Center for Art Law

At the crossroads of visual arts and the law.

Starting from Scratch: Provenance Research and Lost Art Databases

History of objects may add to their allure and enrich their stories as well as complicate their property rights. Professionals and lay people are frequently dealing with uncertainties when handling works of art. Assuming the object is authentic, how did it get from the studio or the factory where it was produced to its present location? The movement of objects through time and space frequently transcends armed conflict and other forms of upheaval. Is the current resting place of the object, necessarily or lawfully the place where the object belongs? When Egon Schiele’s painting “Portrait of Wally” was loaned to the Museum of Modern Art in New York City from the Leopold Museum in Vienna, did it matter that the same painting was looted from an Austrian art dealer Lea Bondi-Jaray? The painting became the subject of one of the longest Nazi-era looted art litigations and concerned private and public entities from numerous jurisdictions. According to the settlement agreement, from 2019 and onwards, the painting must be displayed with a lengthy wall label narrating the provenance history of this iconic Schiele painting.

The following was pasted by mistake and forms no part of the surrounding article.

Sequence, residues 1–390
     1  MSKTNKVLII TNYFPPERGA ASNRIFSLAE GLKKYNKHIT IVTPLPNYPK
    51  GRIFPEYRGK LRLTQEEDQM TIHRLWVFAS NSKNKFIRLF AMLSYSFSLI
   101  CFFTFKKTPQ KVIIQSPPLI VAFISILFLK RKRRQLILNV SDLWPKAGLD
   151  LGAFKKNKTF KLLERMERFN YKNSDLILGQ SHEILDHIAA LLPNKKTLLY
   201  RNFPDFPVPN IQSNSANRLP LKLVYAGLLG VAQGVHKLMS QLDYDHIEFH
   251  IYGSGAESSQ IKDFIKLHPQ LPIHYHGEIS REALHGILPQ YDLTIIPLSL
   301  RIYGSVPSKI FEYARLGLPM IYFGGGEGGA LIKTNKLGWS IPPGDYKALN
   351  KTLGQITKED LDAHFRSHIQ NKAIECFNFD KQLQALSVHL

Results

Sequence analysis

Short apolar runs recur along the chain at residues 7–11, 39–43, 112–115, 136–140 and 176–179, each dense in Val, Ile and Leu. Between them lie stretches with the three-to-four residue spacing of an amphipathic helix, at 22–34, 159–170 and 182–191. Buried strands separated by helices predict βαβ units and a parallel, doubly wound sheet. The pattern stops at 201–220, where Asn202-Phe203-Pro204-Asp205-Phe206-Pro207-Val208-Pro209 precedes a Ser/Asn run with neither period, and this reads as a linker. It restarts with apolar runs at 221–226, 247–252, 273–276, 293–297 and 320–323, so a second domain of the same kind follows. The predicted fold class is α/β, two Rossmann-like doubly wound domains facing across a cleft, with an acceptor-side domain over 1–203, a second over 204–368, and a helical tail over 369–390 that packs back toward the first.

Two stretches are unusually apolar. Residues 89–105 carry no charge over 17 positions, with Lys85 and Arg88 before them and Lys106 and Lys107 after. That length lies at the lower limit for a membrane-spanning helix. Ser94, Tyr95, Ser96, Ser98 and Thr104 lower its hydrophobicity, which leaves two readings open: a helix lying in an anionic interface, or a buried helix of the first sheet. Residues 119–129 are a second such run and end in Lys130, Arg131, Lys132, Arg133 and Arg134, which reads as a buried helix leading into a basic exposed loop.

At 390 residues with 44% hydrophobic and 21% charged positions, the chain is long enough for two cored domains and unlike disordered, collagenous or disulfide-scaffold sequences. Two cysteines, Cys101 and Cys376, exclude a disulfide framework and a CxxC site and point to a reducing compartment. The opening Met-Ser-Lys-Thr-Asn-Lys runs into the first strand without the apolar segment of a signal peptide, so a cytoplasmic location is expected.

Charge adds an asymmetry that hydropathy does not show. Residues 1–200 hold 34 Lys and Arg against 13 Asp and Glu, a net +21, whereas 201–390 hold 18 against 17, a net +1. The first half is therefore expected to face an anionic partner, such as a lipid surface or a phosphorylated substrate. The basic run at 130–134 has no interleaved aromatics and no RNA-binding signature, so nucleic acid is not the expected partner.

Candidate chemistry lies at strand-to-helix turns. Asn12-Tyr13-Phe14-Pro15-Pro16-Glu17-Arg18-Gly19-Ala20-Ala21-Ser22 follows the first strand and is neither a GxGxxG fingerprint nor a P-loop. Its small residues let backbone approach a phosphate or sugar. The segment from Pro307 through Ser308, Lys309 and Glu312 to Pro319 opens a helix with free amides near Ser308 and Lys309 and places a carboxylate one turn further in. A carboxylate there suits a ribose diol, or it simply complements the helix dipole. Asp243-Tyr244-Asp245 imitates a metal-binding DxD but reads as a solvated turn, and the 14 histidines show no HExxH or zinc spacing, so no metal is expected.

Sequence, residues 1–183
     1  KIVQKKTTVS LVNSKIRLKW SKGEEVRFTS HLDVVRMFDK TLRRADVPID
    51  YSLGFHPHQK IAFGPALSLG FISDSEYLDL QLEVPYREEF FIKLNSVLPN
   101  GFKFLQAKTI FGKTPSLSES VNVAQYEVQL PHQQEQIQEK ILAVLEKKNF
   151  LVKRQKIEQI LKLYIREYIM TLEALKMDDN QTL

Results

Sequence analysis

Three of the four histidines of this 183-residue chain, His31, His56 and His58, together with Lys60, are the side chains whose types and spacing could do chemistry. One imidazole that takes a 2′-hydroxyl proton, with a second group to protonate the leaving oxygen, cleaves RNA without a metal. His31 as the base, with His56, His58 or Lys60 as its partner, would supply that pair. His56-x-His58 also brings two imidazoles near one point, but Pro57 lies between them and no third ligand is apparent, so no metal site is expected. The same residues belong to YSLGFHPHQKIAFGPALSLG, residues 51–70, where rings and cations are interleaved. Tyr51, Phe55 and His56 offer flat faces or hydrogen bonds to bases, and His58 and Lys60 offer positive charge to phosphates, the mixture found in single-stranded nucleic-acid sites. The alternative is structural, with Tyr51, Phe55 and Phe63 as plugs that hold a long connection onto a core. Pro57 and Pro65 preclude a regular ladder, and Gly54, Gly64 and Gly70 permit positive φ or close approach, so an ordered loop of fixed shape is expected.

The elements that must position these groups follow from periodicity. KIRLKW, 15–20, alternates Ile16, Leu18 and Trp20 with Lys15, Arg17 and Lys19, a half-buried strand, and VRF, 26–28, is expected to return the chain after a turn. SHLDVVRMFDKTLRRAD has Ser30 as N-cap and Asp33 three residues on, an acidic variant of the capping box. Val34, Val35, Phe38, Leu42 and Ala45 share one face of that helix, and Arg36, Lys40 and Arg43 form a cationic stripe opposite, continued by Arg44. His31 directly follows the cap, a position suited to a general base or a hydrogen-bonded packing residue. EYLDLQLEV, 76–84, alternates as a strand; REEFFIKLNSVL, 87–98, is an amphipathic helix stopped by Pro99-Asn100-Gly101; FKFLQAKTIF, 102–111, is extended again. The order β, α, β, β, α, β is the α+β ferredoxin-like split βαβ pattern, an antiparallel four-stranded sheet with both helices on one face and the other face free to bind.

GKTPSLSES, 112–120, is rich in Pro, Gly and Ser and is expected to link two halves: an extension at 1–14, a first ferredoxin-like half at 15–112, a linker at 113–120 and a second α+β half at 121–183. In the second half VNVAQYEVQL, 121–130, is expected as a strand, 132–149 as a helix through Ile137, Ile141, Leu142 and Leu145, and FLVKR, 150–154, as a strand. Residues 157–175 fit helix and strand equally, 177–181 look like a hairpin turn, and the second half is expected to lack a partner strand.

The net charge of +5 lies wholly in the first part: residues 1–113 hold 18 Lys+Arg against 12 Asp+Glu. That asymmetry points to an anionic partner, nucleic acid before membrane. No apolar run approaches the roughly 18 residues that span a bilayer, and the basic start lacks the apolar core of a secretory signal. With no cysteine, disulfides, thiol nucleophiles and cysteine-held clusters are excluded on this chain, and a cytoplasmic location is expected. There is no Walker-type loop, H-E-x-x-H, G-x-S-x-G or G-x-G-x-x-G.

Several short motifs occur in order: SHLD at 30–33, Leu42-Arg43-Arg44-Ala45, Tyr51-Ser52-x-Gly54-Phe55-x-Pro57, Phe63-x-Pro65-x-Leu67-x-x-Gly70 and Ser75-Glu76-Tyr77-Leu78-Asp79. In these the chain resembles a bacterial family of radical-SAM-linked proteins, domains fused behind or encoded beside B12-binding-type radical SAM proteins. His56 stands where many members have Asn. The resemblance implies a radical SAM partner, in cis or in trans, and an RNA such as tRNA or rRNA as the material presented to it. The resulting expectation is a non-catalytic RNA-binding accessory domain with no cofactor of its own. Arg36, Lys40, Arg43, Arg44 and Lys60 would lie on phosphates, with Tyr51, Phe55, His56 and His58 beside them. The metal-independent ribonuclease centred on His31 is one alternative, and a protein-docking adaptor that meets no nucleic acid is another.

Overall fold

A workshop lead by Marc Masurovsky, co-founder of the Holocaust Art Restitution Project (HARP) and the Academic Director of the Jewish Digital Cultural Recovery Project (JDCRP) will identify key questions that must be asked when conducting provenance research, as well as explore select resources available for reconstructing trajectory of objects that have been looted and displaced as a result of the ascent of the Nazis to power in 1933. Don’t miss this opportunity to engage on the subject of Nazi-era looted art and best practices for provenance research.

Course Materials

Disclaimer: This recording and the information presented herein do not constitute legal advice. Please use for informational purposes only. All rights reserved.

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From copyright and contract law to immigration law, authenticity issues, and Nazi-era looted art, the Center for Art Law offers training opportunities to artists, attorneys, students, and scholars to further protect art and cultural heritage

The Center for Art Law is a New York State non-profit fully qualified under provision 501(c)(3) of the Internal Revenue Code. The Center does not provide legal representation. Information available on this website is purely for education purposes and should not be construed as legal advice.
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